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first American to walk in space
Edward Higgins White II was born in San Antonio, Texas, on November 14, 1930. His father was a career Air Force man, and young Ed knew he would follow in his father's footsteps. At the age of 12, his father took him up in an old T-6 trainer, and was even allowed to take the controls of the plane for a time.
In 1952, White received his Bachelor of Science degree from the United States Military Academy at West Point. While at West Point, he had been a star half-back on the soccer team, as well as a star on the track and field team; in fact, he set a West Point record in the 400-meter hurdles, and almost earned a spot on the 1952 United States Olympic track team.
Air Force Career
After West Point, White underwent flight training in Florida and Texas, and then spent 3½ years in Germany with a fighter squadron. Having by now learned that the United States was recruiting pilots to become astronauts, White determined to do whatever was necessary to become part of that elite group. His first task was to earn a Master of Science in Aeronautical Engineering from the University in Michigan, in 1959. He then enrolled at the Air Force Test Pilot School at Edwards Air Force Base, California.
Upon completing his test pilot training, White was assigned to Wright-Patterson Air Force Base, Ohio, where he served as an experimental test pilot with the Aeronautical Systems Division. His duties in this position included making flight tests for research and weapons system development, writing technical engineering reports, and making recommendations for improvement in aircraft design and construction. He also piloted some of the flights during which the Project Mercury astronauts were subjected to weightless conditions. By 1962 he had logged more than 3,000 hours of flying time, including more than 2,200 hours in jet aircraft.
In September 1962, Captain Ed White was selected by NASA to be part of the new astronaut corps. To be closer to the Manned Space Center in Houston, he soon moved his family to the suburb of El Lago. He and his colleagues would spend the next couple of years working on and training for what NASA called the Gemini Program.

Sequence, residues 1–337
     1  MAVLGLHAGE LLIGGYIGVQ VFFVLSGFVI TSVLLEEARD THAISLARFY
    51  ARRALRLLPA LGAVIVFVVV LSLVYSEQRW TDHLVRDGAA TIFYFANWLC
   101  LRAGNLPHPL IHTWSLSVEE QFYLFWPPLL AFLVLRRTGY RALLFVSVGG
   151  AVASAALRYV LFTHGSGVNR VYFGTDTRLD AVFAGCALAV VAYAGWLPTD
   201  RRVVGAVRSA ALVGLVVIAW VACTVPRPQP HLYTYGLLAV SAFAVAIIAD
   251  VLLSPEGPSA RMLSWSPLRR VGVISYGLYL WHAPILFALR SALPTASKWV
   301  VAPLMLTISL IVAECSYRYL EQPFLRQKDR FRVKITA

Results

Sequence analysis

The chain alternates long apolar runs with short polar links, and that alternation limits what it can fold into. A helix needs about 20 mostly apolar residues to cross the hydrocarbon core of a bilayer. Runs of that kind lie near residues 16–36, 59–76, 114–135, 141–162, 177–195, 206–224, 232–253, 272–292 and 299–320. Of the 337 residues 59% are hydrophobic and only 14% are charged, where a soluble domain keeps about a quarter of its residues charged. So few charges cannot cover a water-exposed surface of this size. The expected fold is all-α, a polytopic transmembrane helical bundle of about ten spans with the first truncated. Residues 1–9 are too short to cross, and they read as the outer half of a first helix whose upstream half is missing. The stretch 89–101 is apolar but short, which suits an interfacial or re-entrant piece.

On June 3, 1965, White, along with James McDivitt, lifted off from Kennedy Space Center to undertake what would become an historic mission. During the mission's third revolution, White became the first American to "walk in space," as well as the first man to control himself in space during an EVA with a maneuvering unit; his "space walk" (seen at left) lasted 21 minutes. Other highlights of the mission included the first-ever cabin depressurization during an American manned mission, and the carrying out of 12 scientific and medical experiments. The two men splashed down on June 7. President Lyndon Johnson rewarded both men with promotions to Lieutenant Colonel.
On March 21, 1966, White was named Command Module Pilot of AS-204, the first 3-man Apollo flight; his colleagues were Command Pilot Virgil "Gus" Grissom and Pilot Roger Chaffee. On January 27, 1967, all three men were killed when a fire broke out in the Apollo capsule during a launch pad test at the Kennedy Space Center.
Awards and Honors
posthumously awarded Congressional
Space Medal of Honor
Lieutenant Colonel Edward H. White II was survived by his wife, Patricia Eileen Finegan White, and their two children, Edward and Bonnie Lynn.
This page was last updated on 03/24/2017.